A Continuation Bet, nowadays often just referred to as C-Bet, implies that you continue betting on the Flop after you raised preflop. It is important that you learn to evaluate the texture of the board, so that you know when and when not to apply a C-Bet, if you didn't hit the flop obviously. Nowadays players C-Bet almost every Flop, but in the long run that will cost you a lot of money. In this article I will be focusing on the situations where you C-Bet after missing the flop, as these are the situations where most of the mistakes are made. C-Betting with Aces or Kings is pretty much a standard move and there's hardly ever a reason not to continue betting with these hands.
When I was playing $1/$2 NL I was playing quite tight-aggressive. I only opened with premium hands and never re-raised with rags. As a result, the only hands I would C-Bet with would be AK, AQ and AJ. Then I started to realize that, if I can steal the pot on the flop with AK, this should also work with J-high. If you re-raise somebody preflop and they put you on a strong hand, that doesn't mean u necessarily always have to have one too. But bear in mind that most players where playing relatively tight in those days. So I started playing incredibly loose-aggressive, stealing almost every pot. This is the important thing about C-Bets. If you never C-Bet with a missed , you only play the hand for its flop equity, and it doesn't happen too often that you hit a flop with that hand, so you start incurring losses. It is important to stay aggressive with these hands if you started off aggressive before the flop.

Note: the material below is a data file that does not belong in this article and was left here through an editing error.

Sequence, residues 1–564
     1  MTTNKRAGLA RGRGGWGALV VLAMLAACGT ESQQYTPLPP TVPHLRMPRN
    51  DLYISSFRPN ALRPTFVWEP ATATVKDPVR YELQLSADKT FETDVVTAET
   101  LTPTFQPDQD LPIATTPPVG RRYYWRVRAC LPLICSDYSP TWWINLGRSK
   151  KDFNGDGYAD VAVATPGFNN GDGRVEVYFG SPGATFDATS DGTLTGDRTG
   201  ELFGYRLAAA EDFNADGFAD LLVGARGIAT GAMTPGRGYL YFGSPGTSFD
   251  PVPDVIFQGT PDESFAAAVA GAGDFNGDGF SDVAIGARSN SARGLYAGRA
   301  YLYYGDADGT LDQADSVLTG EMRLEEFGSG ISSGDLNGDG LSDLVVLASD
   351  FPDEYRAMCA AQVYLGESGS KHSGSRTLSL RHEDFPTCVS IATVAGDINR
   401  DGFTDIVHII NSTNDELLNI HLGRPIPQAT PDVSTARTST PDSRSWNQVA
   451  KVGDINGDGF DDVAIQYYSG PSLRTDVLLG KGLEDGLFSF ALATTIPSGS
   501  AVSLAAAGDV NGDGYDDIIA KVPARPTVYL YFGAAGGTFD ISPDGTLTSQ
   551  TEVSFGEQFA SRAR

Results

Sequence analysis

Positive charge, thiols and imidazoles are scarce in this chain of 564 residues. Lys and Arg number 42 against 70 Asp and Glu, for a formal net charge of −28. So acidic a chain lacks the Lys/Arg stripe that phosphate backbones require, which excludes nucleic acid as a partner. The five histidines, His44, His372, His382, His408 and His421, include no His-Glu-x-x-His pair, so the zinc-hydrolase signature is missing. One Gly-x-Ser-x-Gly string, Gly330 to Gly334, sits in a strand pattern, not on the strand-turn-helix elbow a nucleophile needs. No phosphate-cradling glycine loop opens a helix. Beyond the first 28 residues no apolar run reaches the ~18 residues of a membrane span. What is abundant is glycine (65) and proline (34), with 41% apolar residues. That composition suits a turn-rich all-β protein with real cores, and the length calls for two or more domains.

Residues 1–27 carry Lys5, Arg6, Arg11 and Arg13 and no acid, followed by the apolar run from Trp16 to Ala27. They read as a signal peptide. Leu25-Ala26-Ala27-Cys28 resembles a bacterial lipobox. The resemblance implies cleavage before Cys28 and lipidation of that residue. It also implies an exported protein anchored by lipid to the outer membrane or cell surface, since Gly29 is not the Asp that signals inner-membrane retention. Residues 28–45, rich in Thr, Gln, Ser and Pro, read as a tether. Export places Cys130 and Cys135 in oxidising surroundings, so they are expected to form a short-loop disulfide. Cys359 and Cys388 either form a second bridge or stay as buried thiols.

Now lets talk about the flop texture. A good flop texture implies that the flop looks good for your C-Bet bluff and that your opponents' range of hands, with which he can call your bet, is low. Your own hand doesn't really matter in this situation, because you're bluffing. As soon as you miss the flop, you often just play the player, and not your cards. The best possible flop is 1 high card and 2 low cards, ideally with big gaps in between them. An example of a good flop would be , and a perfect flop would look something like . On a Q-high flop like this I will often continue bluffing until the river if he decides to call my bet on the flop, unless he shows strength of course. Your own hand doesn't really matter in this situation. If you raised with a hand like before the flop, your hand turns into a bluff as soon as a flop like this hits the board, which is fine.
The advantage of stealing a pot with a C-Bet is that you have taken over the initiative in the hand and often the other players will assume that you are holding the best hand. This doesn't mean, however, that it's always a good idea to C-Bet a flop. An example of extremely bad flops is or . I will not C-Bet my on flops like these. These are just simple check-fold situations as the range of possible hands that my opponent will want to see a flop with are too big, and often he's already hit on the flop. On a flop like he MIGHT call once with a pair of 8's or 5's. He will also call you with a hand like and maybe with a gutshot.
But when looking at a flop like , your opponent will call you with all 8-x, 7-x, 6-x, 5-x, 4-x hands. He will call with all low and medium pairs as well as with higert suited connectors in the hope to hit his gutshot or backdoor flush. Often it will also be the case that he already hit the flop. As you can see his range of hands that he will call my C-Bet with are much larger than with the K-high flop, something you have to bear in mind at all times. So on a board like this, just forget about the C-Bet. Your opponents have far too many reasons to call your bet as there are still so many draws out there.